Tuesday, February 28, 2017

EIA on Union Endorsements -

Neither union has an endorsement process for party chair, but both NEA president Lily Eskelsen García and AFT president Randi Weingarten took it upon themselves to make personal endorsements. Chagrined over previous decisions or not, they both chose Ellison. He lost.....
The 2016 presidential election was decided by a relative handful of voters – many of them from union households – in Wisconsin, Michigan and Pennsylvania. Why couldn’t NEA and AFT swing those voters, or at least increase turnout among Clinton supporters?
EIA - Interecepts
Interesting analysis on AFT and NEA endorsement process by Mike Antonucci. Both Randi and Lily endorsed Keith Ellison, seeming to break with the neo-liberal Clinton wing. But we know Randi and that can't be true -- I think it was a front runner (at the time) endorsement and then she couldn't unendorse.

We know Randi is playing some kind of political game -- trying to align herself with politics trending left? You can't change your stripes so easily on a dime. But at the AFT convention this past summer, it was all about social justice -

So Randi is tacking left - and given that both Chicago and Los Angeles TUs are leftish -- and MORE in the UFT, which at least showed some element of muscle in winning the high schools and gaining almost 11,000 votes, may make sense -- outflank your potential enemies. MORE may be out there screaming about being the social justice caucus but it has to explain why Unity is not - a point I make constantly - which if mostly ignored.

That's how I view the Ellison endorsement -- covering criticism from the left and a wink at Perez - and I'm sure Randi is still in the Clinton/Obama house.

Posted: 27 Feb 2017 10:43 AM PST
It might not seem so, but the national teacher unions are employing the scientific method when it comes to endorsing candidates for various positions in the Democratic Party. Unfortunately, the scientific method they use is trial-and-error.

The trouble began in October 2007 when the American Federation of Teachers endorsed Hillary Clinton for the Democratic presidential nomination, months before the first primaries or caucuses. The National Education Association had the opposite problem: it was deadlocked between Clinton and Barack Obama, and failed to endorse until the nomination was already decided.
AFT endorsed Clinton again in July 2015, while NEA leaders manipulated the union’s endorsement process to recommend her in October 2015. The goals were to unify the party, gain early influence within the Clinton campaign, and positively affect down-ballot races.

It’s easy to second-guess these decisions in hindsight, but one must also confront the fact that they failed in all respects.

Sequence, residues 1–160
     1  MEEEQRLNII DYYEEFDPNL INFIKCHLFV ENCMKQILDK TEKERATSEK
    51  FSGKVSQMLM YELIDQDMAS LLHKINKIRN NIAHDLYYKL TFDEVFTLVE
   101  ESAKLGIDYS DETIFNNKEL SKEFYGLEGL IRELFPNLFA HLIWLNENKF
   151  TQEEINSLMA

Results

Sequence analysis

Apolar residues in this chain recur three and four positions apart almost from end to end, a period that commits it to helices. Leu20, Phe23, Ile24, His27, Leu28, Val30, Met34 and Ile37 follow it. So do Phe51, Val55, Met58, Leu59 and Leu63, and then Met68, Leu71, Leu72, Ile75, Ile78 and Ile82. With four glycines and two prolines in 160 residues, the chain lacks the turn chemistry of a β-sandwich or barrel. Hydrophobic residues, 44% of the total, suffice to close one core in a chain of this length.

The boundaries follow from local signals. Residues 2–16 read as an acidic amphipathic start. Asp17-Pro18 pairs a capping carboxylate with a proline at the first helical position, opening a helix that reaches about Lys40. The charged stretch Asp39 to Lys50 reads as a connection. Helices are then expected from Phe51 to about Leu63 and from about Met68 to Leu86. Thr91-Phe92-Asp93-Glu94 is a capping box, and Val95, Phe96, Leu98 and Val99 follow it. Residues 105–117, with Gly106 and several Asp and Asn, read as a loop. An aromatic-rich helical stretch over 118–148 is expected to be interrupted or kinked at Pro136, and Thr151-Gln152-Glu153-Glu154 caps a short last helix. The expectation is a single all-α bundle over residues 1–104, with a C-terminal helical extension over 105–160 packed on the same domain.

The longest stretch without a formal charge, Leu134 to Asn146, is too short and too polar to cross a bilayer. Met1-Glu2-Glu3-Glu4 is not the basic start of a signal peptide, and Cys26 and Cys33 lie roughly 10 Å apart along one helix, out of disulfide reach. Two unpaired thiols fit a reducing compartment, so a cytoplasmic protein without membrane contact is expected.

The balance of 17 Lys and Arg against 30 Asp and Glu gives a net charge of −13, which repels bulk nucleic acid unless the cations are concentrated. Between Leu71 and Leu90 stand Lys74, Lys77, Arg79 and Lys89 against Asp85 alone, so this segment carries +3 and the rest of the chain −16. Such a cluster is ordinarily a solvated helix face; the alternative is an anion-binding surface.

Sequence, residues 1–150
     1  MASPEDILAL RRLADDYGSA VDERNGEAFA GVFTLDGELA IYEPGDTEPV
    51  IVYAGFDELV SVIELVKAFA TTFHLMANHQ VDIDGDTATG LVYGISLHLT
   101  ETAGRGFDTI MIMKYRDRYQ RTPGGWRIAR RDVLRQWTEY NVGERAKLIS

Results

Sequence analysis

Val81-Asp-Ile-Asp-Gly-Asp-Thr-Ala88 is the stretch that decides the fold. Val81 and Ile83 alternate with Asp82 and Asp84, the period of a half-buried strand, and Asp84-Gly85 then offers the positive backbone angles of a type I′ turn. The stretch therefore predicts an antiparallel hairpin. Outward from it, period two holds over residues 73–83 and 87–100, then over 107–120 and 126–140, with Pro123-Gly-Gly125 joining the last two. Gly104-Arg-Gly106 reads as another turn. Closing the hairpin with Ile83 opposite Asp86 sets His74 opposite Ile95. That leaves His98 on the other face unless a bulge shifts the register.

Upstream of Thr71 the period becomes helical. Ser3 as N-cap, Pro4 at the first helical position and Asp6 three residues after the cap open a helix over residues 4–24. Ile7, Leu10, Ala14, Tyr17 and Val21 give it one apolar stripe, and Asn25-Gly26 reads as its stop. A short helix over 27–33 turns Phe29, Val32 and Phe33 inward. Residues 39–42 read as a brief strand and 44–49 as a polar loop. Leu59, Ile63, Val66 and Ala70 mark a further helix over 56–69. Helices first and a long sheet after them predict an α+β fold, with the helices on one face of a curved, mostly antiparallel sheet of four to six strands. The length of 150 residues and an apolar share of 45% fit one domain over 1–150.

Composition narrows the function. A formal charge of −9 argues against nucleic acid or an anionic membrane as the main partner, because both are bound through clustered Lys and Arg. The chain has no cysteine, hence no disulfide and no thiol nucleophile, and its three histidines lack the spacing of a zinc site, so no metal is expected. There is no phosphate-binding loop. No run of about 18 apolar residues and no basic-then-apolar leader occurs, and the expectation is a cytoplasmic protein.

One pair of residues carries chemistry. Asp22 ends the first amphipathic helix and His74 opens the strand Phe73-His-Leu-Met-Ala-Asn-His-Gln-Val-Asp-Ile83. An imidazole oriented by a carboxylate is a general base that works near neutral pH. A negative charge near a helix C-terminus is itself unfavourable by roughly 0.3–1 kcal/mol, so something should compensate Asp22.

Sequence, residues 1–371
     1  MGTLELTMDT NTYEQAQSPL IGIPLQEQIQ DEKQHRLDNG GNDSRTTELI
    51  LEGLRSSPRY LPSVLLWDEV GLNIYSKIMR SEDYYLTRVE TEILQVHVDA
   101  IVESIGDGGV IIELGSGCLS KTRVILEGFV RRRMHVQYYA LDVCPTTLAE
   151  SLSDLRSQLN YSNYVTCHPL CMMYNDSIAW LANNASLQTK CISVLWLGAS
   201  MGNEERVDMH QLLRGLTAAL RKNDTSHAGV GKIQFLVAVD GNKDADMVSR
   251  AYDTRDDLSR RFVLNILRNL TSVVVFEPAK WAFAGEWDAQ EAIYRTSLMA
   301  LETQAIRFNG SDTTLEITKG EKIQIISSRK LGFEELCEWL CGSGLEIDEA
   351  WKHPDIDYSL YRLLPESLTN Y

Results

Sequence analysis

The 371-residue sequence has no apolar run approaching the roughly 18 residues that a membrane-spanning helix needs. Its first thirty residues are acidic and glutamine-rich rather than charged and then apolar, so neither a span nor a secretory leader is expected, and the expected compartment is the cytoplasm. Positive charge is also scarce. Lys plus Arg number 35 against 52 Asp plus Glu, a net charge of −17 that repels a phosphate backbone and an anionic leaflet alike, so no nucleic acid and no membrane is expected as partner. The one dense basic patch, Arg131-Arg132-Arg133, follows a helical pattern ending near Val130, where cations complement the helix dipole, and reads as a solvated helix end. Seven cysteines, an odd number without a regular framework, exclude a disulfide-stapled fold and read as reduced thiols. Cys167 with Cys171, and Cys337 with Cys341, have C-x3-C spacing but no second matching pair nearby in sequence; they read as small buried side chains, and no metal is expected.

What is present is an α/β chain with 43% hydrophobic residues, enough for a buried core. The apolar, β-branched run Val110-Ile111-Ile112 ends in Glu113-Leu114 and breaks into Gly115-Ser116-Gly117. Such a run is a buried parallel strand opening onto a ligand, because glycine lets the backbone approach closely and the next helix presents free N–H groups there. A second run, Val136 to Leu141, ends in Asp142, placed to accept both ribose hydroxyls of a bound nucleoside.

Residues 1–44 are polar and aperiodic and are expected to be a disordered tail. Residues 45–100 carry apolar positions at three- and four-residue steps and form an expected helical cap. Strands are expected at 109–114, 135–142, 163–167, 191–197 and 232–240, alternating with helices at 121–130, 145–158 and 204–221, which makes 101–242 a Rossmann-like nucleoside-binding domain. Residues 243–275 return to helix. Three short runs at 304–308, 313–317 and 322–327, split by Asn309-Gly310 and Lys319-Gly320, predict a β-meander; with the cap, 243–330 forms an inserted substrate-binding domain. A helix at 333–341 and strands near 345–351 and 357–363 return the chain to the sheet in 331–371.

The next dilemma to solve was to identify the person to lead the Democratic National Committee out of the wilderness. The two front-runners were Rep. Keith Ellison of Minnesota and former Labor Secretary Thomas Perez. Ellison was considered to be the voice of the Sanders wing of the party, while Perez was thought to be the establishment choice.

Neither union has an endorsement process for party chair, but both NEA president Lily Eskelsen García and AFT president Randi Weingarten took it upon themselves to make personal endorsements. Chagrined over previous decisions or not, they both chose Ellison.

He lost.

The problem then is not an incorrect way of choosing candidates; it is identifying the people who will choose the winner and effectively influencing them to your point of view.

The 2016 presidential election was decided by a relative handful of voters – many of them from union households – in Wisconsin, Michigan and Pennsylvania. Why couldn’t NEA and AFT swing those voters, or at least increase turnout among Clinton supporters?
The unions boasted of their monumental effort to deny Betsy DeVos confirmation as Secretary of Education, but could not identify, never mind sway, one or two Republican senators who might have gone their way.

The DNC electorate consisted entirely of 447 members. Why endorse at all unless you feel you have some influence over others?
Union setbacks in the wider political world can be blamed on the actions of their opponents, in places like Kentucky, Missouri and Iowa. To what are we to attribute union setbacks within the Democratic Party?

NEA and AFT perform better with core education and funding issues than with candidates or a broader agenda. Maybe it’s time to concentrate fire on targets you can hit.

No comments:

Post a Comment

Comments are welcome. Irrelevant and abusive comments will be deleted, as will all commercial links. Comment moderation is on, so if your comment does not appear it is because I have not been at my computer (I do not do cell phone moderating).